Introducing The Visayas

Several threshold events in the history of the nation occurred in the Visayas. Magellan landed off the Cebu coast in 1521, marking the Philippines' first contact with Europeans, and MacArthur fulfilled his vow to return to the country during WWII, landing near Tacloban on Leyte.

This is the part of the country that fits the clichés of the sun-soaked, gin-stained Edenic paradise. The beaches are white and palm fringed, the locals fish in the turquoise waters, and the heat is so enervating that all exertion is called into question.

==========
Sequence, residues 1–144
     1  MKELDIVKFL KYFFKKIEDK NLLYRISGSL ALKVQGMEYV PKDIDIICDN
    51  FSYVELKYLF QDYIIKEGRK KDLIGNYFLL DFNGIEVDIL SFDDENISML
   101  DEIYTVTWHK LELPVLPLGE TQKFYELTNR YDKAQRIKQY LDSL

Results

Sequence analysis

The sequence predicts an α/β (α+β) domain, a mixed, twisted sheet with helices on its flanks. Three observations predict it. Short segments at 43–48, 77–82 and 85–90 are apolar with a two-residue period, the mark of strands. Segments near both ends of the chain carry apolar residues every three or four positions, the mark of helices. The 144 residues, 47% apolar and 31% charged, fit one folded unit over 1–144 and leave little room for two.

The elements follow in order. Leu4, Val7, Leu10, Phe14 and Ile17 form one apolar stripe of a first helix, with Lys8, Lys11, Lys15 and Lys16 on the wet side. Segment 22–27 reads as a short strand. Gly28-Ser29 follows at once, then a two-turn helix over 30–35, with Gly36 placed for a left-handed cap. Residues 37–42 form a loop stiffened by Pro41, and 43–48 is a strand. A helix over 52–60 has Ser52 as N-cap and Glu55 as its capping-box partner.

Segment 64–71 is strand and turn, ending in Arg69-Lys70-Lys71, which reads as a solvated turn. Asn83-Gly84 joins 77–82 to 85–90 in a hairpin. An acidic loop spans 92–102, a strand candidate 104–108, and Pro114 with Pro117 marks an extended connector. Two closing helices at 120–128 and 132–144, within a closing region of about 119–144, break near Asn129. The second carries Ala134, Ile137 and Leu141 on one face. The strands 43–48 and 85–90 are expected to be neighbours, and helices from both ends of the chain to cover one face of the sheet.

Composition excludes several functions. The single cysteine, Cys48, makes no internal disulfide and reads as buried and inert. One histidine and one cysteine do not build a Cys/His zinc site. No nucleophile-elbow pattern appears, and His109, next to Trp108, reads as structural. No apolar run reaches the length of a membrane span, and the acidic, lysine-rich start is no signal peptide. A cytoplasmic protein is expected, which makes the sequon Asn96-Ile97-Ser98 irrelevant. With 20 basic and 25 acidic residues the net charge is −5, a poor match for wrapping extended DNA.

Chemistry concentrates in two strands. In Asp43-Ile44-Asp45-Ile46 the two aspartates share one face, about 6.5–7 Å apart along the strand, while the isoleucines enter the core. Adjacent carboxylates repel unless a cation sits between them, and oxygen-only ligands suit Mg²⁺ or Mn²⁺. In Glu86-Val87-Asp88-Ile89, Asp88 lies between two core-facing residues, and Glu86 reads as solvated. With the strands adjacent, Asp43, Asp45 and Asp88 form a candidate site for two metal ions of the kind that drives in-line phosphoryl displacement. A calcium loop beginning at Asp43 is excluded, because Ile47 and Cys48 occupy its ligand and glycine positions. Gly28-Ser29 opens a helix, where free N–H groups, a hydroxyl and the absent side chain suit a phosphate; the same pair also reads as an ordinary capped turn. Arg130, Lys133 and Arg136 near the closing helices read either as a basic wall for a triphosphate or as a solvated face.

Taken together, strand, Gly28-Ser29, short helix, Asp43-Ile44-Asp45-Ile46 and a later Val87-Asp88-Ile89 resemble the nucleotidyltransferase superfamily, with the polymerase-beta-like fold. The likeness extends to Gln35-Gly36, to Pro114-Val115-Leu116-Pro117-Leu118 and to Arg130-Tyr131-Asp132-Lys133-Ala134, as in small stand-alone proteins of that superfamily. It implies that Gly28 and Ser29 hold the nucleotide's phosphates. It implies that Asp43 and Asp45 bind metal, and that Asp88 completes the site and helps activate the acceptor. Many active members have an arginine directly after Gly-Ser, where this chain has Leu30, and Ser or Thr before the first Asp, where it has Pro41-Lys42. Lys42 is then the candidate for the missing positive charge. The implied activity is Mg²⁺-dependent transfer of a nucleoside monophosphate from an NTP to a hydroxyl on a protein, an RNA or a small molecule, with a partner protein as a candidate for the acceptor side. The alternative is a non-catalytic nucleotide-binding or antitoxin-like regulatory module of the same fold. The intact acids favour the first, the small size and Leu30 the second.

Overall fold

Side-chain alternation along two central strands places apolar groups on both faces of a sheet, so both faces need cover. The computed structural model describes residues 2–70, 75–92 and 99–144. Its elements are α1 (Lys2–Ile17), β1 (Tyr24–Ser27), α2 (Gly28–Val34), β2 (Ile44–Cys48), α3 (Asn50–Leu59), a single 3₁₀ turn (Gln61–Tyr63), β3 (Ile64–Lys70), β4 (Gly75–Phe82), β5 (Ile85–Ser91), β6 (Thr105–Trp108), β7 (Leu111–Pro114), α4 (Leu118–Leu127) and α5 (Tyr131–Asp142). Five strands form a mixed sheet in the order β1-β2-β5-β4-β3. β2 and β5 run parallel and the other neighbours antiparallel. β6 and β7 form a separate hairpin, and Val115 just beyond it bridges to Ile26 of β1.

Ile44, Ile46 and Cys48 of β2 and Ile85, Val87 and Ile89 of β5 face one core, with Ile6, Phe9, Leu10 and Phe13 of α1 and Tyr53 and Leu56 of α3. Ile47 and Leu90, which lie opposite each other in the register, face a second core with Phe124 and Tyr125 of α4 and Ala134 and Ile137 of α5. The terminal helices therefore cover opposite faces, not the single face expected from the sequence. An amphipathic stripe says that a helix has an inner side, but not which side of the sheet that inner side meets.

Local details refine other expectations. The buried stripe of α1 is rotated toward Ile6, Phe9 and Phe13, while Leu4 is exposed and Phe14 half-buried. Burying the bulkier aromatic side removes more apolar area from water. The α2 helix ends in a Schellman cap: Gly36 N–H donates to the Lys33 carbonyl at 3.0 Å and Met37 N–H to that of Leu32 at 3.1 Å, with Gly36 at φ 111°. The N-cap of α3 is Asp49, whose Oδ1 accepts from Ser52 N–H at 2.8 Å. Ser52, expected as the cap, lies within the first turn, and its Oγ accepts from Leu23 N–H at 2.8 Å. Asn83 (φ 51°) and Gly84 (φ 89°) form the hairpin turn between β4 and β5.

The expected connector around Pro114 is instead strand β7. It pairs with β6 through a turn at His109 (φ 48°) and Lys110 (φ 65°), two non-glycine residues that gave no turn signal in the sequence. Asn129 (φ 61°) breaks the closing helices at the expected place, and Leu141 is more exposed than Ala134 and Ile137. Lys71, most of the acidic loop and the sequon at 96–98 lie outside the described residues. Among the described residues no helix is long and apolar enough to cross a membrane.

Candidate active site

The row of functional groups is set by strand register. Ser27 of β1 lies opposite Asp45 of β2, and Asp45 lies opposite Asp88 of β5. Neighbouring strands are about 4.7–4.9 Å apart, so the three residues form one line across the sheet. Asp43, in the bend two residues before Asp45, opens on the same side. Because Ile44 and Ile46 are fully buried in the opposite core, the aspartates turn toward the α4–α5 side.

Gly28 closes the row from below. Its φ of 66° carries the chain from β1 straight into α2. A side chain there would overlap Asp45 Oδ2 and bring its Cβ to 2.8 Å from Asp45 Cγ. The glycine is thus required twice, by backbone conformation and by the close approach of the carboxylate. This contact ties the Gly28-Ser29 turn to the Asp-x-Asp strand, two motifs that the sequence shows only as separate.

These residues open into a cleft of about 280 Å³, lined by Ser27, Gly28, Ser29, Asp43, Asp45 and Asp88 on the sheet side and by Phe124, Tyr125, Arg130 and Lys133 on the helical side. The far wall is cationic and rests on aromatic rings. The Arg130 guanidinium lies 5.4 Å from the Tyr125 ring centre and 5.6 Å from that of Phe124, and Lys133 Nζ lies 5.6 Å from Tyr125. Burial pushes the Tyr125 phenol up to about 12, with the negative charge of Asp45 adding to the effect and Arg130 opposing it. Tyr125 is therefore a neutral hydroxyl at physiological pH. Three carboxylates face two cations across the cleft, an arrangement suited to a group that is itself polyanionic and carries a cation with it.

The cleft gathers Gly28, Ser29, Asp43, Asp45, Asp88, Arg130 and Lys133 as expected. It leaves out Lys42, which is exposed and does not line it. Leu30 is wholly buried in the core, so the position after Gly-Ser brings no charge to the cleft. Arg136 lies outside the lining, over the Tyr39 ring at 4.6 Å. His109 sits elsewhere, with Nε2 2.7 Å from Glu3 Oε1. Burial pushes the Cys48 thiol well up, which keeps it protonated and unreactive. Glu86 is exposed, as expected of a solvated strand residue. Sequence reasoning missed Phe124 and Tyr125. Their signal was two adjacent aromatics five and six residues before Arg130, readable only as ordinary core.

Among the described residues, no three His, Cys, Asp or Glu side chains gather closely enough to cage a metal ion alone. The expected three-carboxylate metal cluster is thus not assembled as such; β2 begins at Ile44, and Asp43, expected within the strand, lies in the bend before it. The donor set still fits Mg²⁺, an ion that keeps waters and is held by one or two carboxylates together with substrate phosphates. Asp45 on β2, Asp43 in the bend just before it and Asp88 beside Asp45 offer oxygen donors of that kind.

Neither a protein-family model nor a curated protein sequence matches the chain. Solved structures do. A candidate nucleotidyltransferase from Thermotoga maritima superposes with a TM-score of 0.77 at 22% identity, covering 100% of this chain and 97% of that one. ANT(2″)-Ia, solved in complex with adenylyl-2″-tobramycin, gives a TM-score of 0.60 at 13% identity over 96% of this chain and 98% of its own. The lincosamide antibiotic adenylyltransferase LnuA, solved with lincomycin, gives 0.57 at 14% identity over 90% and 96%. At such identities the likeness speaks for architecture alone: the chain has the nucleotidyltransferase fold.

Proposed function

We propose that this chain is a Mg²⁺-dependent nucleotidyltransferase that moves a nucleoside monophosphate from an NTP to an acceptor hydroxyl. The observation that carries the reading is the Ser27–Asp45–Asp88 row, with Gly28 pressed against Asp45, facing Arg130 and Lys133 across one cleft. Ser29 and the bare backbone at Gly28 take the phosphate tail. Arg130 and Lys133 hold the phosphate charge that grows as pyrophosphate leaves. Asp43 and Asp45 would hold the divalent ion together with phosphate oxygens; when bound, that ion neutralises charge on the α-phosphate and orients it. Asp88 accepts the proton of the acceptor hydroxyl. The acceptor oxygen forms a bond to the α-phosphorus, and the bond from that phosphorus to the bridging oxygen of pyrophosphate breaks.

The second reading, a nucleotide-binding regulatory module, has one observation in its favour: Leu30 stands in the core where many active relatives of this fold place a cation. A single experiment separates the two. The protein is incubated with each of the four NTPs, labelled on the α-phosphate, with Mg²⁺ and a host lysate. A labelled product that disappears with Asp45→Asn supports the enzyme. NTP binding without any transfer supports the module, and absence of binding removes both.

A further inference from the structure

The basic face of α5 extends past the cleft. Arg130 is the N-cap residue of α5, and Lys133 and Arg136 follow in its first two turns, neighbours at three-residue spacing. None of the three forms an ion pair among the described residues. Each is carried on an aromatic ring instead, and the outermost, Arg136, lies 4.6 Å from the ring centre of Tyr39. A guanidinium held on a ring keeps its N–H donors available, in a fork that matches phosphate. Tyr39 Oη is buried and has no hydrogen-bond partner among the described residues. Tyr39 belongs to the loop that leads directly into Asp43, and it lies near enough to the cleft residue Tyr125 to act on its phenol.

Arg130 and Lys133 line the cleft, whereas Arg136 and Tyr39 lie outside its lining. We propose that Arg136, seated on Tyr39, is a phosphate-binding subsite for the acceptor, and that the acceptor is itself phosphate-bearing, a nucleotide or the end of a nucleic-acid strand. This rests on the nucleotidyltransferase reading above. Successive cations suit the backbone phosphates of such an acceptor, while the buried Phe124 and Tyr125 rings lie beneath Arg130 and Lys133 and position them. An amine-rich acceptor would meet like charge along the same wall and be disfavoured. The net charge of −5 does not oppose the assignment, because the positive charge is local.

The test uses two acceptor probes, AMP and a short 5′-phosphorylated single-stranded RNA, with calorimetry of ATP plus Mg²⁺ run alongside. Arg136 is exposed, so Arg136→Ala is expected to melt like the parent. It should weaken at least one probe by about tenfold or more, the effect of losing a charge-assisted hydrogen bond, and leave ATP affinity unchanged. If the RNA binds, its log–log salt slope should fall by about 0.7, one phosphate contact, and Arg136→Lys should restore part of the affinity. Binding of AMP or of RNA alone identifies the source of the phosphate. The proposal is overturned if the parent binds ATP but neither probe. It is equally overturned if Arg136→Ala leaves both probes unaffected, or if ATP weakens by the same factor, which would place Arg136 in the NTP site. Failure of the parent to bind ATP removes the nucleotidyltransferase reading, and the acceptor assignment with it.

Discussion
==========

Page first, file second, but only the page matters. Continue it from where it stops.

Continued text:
You can hopscotch the region on a virtual armada of seagoing vessels, from humble bangka to modern ferries. You can travel from Cebu, the Philippines' raucous and cosmopolitan second city, to Boracay on the northwestern tip of Panay, the raucous and cosmopolitan beach resort. Numerous smaller, more subdued beaches can be found around the Cebu and Negros islands and on Panglao Island off Bohol, a worthy destination itself. Lesser travelled islands such as Siquior and Romblon offer more privacy and the chance to get into the lethargic flow, and for those wishing to stop time altogether there are the thousands of tiny islands unmarked on most maps, their names known only to locals.